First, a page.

Anecdotal evidence points to the effectiveness of anecdotes
I’d like to tell you a short story about failure. It centres around a young boy who struggled at school and was aged seven before he could read or write. Teachers would later say that the boy even struggled to remember his own address or telephone number (and this was in the days before the mobile phone took that skill away from us all!). Useless at maths, a failure at school, those teachers told him he would amount to nothing in life…
This was how the CEO of a successful tech company began a welcome presentation to newly graduated recruits joining the company on the first day. She always uses this anecdote to ease their nerves as she knew they would be anxious and feeling the pressure to succeed in a very competitive environment.
Using anecdotes effectively
An anecdote is a short story, or even a scene from a story, that can illustrate a point. Sometimes they feature well known people (this happened to so and so and yet they managed to overcome…) but more frequently they stem from personal experience – something somebody said or did that resonated, which is why we are telling the story.
As already discussed on this blog click here, the power of storytelling should not be overlooked by those giving presentations and speeches. Research has proved that stories stick in the mind in a way that a shopping list of facts and figures doesn’t and make a presentation so much more interesting to boot (Speaker-Listener Neural Coupling, Charles Gross, Princeton 2010)
Let’s take a look at the little boy’s story:
Within the first sentence we have the audience’s attention – Failure. Everyone in the room can identify with this, whether it relates to a job interview they didn’t get, a driving test they failed or their favourite football team getting thumped by the opposition.
In that first sentence, we also have a theme. The audience has some idea of where this journey is going, and because of a personal connection with the theme, ears are pricking up in interest (note – they will soon fold back down if you don’t maintain that interest, but this is a great start!).
Tips for telling anecdotes
Reality check: The trick to the anecdote is to stay within the realms of reality. That is why badly told anecdotes come across as contrived. Politicians are frequently guilty of this. In 2010, David Cameron was lampooned for using an anecdote to talk about immigration, citing the agreement of “a 40-year-old black man” he had met who spent 30 years in the Royal Navy (a very young recruit at 10 years old!).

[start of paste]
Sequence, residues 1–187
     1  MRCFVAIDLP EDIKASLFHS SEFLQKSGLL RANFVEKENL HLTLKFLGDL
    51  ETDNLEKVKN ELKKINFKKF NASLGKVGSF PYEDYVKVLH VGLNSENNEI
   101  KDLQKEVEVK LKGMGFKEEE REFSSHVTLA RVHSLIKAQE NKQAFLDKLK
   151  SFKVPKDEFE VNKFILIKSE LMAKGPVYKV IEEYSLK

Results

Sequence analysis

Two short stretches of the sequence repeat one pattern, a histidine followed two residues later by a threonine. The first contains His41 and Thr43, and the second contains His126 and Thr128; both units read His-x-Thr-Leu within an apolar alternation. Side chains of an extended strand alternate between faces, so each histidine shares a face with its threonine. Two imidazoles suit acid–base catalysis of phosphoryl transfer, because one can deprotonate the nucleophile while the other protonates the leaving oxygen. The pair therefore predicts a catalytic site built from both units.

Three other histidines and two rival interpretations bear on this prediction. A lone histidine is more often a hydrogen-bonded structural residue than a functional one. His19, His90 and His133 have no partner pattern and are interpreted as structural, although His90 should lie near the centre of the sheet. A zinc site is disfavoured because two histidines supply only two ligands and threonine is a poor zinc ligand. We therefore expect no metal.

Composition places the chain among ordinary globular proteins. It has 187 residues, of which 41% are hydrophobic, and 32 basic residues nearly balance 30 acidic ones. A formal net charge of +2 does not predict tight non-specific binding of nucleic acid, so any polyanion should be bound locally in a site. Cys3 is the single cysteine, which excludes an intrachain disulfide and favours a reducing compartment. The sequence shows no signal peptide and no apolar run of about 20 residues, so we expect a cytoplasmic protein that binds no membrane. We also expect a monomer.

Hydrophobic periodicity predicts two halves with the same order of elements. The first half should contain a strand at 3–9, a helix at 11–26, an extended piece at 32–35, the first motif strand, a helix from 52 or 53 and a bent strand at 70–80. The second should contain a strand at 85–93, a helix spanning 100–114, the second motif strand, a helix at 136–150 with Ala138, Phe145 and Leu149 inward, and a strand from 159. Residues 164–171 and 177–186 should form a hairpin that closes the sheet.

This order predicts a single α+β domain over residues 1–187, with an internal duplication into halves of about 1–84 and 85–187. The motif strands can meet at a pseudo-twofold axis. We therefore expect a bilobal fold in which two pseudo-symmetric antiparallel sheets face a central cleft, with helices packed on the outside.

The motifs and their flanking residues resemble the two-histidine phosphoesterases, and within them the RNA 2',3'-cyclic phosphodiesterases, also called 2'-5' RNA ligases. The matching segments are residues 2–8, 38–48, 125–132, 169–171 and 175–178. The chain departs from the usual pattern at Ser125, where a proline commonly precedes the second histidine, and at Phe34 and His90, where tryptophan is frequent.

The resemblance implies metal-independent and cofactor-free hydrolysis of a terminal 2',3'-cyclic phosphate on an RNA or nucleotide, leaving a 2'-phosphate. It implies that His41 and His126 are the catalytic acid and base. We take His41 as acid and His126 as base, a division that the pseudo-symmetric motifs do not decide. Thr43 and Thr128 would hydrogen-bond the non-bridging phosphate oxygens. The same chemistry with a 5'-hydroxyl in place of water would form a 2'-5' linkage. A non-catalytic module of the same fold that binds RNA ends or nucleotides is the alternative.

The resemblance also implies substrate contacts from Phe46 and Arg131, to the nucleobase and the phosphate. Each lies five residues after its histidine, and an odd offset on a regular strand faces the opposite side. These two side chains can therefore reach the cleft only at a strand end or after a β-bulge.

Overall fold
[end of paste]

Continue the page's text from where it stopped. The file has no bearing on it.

Embellish respectfully: Leading on from the above, all retold conversations go through the Chinese whisper factory. This is perfectly normal. You remember the conversation you had yesterday slightly differently today. As the protagonist, of course you can give it some artistic license, but don’t gild the Lilly and stretch the audience’s imagination!
Keep it short: Nobody likes a meandering anecdote that notes down every detail. Keep the story moving, the theme in place and have a point to the end of your story.
Keep yourself out of the picture: Putting yourself on a pedestal is just an invitation for your audience to knock you down (think Donald Trump lecturing people on how good a businessman he is – Really Donald, how many bankruptcies?). Anecdotes are far less preachy when they come from someone else’s mouth – for example that of a successful CEO.
Who was the failed schoolboy?
Remember that failed pupil at school, the one that would never amount to anything? Well that was Albert Einstein…. And the obvious moral of the anecdote is that we all fail sometimes, even the greatest minds of our times.
So now you’re sitting there thinking, what a cheesy anecdote to illustrate this piece with… And you’re right of course. But you’re not blaming me so much as wondering why the CEO chose such a cheesy anecdote to tell. And while you’re questioning her logic, you’re also thinking well, she is a successful CEO so she must know what she’s doing.
And while you’re thinking of the successful CEO you are not questioning my use of the anecdote, which has been embellished (that anecdote was delivered by a headmaster on leaver’s day), but is short, got your attention and set the theme for this article….
Luan de Burgh
Luan de Burgh is a speaker, writer and founder of The de Burgh Group – a specialist business communication training provider dedicated to helping people perform at their highest potential.